By Jamie Day | Published on 10 May 2019
It’s not uncommon for many of us to live out huge chunks of our lives online these days. We do our shopping online, we get our entertainment online, we find love online and we even make genuine friends online. Ok, so some of those friends might remain safely tucked in our phones, but I’ve been lucky enough to turn a few of those online friends into real life ones and as a Line Resident for Southern Rail, I’m making sure to visit more of them across the network.
As much as social media gets a bashing for all the things it gets wrong, I’m thankful for the transformation it’s made to my friendship groups. As family life takes over and parents’ evenings are the priority over the pub, it’s only inevitable some longstanding friendships might feel the strain of modern life.
Being part of a close-knit community of dads on Instagram for a few years, it’s been great to see so many new bonds that have formed because of social media. As with all large friendship groups, people will naturally gravitate towards like-minded individuals who may share common interests and hobbies, be of a similar age etc. In my case, I’ve formed a strong rapport with a dad called Billy (or @dadoutsidethelines on Instagram).
Billy and I are both knocking 40, have two kids who are of a similar age, love football, share a similar dry humour and don’t live too far away from each other. Sounds pretty perfect, right?
Well, despite our flourishing friendship, we’ve only met outside of our larger dads’ group maybe two or three times. On each occasion, it’s been on neutral ground (at a pub and a football game), but after our last meet - with plenty of chat and many a belly laugh - I knew it was time to see if our friendship could bloom further still. So, I proposed dinner on his home turf in Croydon.
With a time and date agreed, I took advantage of my role as a Southern Rail Line Resident and hopped on a train from Clapham down to Croydon for our daddy dinner date. The journey is a quick one – less than 30 minutes and a direct journey, so it couldn’t of been more convenient.
We met at Boxpark, which was only a short stroll from the station. Now, for anyone who doesn’t know much about Boxpark’s story, its sites are some of my favourite places in London. Having started in Shoreditch when I was living there a few years ago, it’s a stack of metal shipping containers re-fitted as shops and they’ve quickly become one of my preferred spots for picking up new garms and a coffee away from the repetitiveness of the high street chains.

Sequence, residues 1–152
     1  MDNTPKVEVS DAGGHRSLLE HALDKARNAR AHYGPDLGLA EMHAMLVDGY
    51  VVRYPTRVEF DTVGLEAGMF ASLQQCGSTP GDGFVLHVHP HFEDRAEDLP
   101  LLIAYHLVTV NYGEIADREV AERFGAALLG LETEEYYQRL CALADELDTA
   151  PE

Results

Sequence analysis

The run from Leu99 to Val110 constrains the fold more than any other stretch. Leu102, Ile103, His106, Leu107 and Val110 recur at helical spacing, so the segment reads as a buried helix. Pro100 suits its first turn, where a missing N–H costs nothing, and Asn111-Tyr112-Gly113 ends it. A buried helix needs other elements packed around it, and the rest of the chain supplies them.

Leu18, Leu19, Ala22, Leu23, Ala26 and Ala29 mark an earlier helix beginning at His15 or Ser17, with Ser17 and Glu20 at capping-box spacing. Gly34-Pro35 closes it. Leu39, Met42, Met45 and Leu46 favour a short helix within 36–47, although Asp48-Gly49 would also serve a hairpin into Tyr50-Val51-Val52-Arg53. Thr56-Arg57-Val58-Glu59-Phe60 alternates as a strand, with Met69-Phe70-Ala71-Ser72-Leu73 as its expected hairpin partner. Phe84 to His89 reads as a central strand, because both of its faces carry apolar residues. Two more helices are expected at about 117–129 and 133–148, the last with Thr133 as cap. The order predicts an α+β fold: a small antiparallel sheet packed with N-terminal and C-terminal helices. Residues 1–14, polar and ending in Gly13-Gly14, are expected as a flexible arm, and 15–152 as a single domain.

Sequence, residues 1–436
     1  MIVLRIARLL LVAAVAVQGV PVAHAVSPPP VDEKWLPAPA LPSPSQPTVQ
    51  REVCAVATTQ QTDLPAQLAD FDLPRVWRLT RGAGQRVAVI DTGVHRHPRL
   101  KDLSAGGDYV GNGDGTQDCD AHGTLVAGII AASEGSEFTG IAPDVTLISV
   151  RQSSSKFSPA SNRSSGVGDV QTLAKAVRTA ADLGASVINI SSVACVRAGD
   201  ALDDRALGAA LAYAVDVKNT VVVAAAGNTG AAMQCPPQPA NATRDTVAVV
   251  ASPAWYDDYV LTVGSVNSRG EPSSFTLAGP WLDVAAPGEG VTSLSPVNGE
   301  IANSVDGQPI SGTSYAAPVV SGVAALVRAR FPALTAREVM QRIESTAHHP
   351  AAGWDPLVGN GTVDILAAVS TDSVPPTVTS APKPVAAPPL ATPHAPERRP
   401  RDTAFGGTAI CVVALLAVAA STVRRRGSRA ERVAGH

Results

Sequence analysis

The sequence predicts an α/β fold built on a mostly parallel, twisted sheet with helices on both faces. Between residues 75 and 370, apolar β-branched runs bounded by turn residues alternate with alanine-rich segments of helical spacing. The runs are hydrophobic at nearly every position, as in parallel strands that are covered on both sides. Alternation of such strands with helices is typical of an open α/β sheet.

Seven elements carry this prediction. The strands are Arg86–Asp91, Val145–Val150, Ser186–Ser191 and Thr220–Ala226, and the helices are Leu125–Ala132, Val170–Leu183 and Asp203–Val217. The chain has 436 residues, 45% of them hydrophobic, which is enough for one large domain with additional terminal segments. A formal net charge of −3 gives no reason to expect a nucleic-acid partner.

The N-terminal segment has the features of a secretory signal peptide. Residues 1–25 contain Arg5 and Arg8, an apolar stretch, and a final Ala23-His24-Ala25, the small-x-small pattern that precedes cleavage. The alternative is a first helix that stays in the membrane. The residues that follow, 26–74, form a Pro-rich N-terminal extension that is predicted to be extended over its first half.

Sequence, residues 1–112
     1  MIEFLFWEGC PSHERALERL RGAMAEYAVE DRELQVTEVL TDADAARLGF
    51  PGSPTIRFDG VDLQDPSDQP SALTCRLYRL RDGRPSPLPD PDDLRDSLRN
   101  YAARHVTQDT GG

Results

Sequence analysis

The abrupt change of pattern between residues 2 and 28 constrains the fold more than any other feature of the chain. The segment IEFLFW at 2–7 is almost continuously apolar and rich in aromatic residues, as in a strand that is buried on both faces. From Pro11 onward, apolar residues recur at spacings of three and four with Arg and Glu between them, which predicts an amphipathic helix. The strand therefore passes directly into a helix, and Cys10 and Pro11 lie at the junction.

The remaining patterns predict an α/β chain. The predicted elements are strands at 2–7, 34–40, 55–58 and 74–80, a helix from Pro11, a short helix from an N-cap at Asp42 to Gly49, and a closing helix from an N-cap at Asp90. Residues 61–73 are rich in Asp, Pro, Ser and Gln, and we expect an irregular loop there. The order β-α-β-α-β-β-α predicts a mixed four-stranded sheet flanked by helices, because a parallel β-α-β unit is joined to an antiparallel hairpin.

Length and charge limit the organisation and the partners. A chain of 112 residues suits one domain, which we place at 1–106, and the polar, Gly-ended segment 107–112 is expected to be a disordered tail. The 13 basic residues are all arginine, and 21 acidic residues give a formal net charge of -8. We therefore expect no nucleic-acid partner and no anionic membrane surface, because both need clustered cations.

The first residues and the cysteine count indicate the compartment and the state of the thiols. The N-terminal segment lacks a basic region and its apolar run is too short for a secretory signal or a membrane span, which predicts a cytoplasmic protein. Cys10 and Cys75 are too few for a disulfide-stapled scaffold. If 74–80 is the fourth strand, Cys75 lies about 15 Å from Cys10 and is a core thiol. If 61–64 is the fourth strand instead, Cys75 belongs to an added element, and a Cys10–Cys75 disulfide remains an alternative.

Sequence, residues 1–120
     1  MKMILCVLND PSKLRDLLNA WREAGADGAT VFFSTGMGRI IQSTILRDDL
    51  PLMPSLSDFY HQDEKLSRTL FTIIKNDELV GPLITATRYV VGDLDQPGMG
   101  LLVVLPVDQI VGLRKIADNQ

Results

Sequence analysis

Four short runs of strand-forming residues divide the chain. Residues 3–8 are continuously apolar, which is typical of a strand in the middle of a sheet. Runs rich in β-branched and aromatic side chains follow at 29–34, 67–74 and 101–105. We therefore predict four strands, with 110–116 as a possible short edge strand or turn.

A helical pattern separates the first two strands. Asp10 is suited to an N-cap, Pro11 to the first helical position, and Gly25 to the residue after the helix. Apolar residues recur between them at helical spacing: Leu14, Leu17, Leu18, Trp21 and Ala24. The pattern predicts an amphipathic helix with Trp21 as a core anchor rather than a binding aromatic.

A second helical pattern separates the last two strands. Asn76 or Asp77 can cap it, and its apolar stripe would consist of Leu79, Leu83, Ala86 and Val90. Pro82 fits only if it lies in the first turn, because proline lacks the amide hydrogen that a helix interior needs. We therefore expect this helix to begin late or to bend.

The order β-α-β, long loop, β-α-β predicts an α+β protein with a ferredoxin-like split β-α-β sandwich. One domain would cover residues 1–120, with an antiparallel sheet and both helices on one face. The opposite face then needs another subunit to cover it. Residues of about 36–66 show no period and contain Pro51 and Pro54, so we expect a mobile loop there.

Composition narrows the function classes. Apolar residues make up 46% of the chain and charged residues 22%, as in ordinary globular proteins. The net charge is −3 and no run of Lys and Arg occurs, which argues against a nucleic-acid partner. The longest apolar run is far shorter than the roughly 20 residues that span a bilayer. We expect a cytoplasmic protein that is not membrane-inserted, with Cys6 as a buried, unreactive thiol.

Since then, the Croydon and Wembley spaces have opened with a focus on food and entertainment. All the sites provide a vibrant atmosphere that attracts all kinds of people. I’ve eaten at the Wembley site twice; once with my 6-year-old daughter and once with my 69-year-old father – and both of them loved it!
Upon meeting Billy, it was quickly clear we weren’t going to agree on cuisine, but because of the way the site is set up (different food units wrap around the outside with multiple tables in the middle), that didn’t matter at all. Billy chose from a Thai stall whilst I went for pizza. After parting to get our food we met in the middle, pulled up a pew against a long dark table and chatted the evening away whilst devouring our scrumptious food. Talk went from family to social media, to football, back to family, a bit more social media, a quick return to the footie, all before ending on the family and remembering we better get home!
Before heading back to the station, there was a decent manly hug, and pleasingly we organised another meet, with Billy announcing, ‘let’s do it again some time soon, and get the wives involved too’. Now if that isn’t a transformation of how our modern lives have evolved with social media, I don’t know what is! First the dads, next the mums, no doubt the kids will be getting involved soon, too. Might as well get a joint family holiday in the diary!